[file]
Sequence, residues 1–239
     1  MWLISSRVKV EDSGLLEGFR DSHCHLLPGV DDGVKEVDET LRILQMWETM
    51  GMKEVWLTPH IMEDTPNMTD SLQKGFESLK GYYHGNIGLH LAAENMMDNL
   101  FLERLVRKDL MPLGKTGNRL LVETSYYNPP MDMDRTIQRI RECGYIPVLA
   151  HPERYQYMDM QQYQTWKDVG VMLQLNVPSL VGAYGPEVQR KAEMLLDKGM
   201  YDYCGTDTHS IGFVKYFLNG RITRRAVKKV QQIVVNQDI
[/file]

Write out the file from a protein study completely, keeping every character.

Sequence, residues 1–239
     1  MWLISSRVKV EDSGLLEGFR DSHCHLLPGV DDGVKEVDET LRILQMWETM
    51  GMKEVWLTPH IMEDTPNMTD SLQKGFESLK GYYHGNIGLH LAAENMMDNL
   101  FLERLVRKDL MPLGKTGNRL LVETSYYNPP MDMDRTIQRI RECGYIPVLA
   151  HPERYQYMDM QQYQTWKDVG VMLQLNVPSL VGAYGPEVQR KAEMLLDKGM
   201  YDYCGTDTHS IGFVKYFLNG RITRRAVKKV QQIVVNQDI